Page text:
Characterization of epitaxial silicene on the Ag(111) surface with synchrotron-based soft X-ray spectroscopy
The eventual incorporation of two-dimensional materials into electronic devices will require an intimate understanding of their electronic properties, as well as how these properties are affected by the material's local environment. The specific focus of this thesis is on silicene, the silicon-based analogue to the prototypical 2D material graphene. In particular, the studies contained within this thesis aim to elucidate the electronic properties of silicene monolayers and multilayers grown on the Ag(111) surface through combination of ab initio density functional theory calculations and synchrotron-based soft X-ray spectroscopy. The first study explores the electronic interaction between epitaxial silicene monolayers and their Ag(111) substrate, finding evidence for significant hybridization between them that confers a metallic electronic structure upon the silicene. The second examines the effects of oxidation on the electronic and structural characteristics of epitaxial silicene monolayers on Ag(111), refuting the notion of a bandgap opening at low oxygen coverage and showing that the structure is inherently unstable at high oxygen coverage. Finally, silicene growth beyond a monolayer is studied, and strong evidence for the instability of multilayer silicene on Ag(111) is presented. In addition, this thesis contains a review of the history, properties and potential applications of a variety of two-dimensional materials, focusing on the qualities that will impact their application to electronic devices. It also discusses the techniques involved in producing, structurally characterizing, and predicting and measuring the electronic properties of epitaxial silicene on Ag(111).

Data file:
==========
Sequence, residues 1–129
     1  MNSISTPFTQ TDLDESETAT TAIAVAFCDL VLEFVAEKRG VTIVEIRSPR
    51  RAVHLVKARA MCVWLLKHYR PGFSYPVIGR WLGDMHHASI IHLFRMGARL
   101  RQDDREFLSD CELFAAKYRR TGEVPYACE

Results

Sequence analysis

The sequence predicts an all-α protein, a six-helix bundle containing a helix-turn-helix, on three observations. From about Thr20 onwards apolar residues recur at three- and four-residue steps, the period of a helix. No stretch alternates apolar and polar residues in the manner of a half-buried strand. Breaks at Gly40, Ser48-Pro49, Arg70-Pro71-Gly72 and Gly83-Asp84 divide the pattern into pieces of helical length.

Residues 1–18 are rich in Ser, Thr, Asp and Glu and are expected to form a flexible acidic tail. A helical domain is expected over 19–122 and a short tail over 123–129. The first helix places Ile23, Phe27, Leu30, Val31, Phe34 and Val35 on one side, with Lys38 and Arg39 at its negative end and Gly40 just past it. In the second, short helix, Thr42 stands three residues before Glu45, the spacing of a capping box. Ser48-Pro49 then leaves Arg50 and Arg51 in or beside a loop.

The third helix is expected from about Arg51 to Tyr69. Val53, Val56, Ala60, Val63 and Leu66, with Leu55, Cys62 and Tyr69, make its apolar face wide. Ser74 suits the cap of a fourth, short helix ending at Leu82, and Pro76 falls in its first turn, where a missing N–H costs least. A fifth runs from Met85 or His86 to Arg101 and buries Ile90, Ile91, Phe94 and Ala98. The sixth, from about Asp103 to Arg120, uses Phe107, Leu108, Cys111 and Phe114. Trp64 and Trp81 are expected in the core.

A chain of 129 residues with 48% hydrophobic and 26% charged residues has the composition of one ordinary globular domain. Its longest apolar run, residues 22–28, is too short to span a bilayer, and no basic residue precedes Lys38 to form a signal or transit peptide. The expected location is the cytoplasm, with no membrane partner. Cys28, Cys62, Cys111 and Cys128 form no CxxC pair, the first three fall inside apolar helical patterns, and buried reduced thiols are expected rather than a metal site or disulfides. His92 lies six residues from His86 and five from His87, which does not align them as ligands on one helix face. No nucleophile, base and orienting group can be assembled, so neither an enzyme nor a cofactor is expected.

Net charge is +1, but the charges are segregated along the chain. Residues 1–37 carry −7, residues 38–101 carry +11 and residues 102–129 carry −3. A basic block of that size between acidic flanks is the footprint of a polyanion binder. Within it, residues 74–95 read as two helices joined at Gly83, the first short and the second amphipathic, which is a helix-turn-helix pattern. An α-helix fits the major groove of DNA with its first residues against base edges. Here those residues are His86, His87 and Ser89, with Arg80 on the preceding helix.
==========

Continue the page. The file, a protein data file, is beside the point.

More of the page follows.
DegreeDoctor of Philosophy (Ph.D.)
DepartmentPhysics and Engineering Physics
CommitteeSham, Tsun-Kong; Xiao, Chijin; Tse, John S.; Kelly, Timothy L.
Copyright DateMay 2016
Density Functional Theory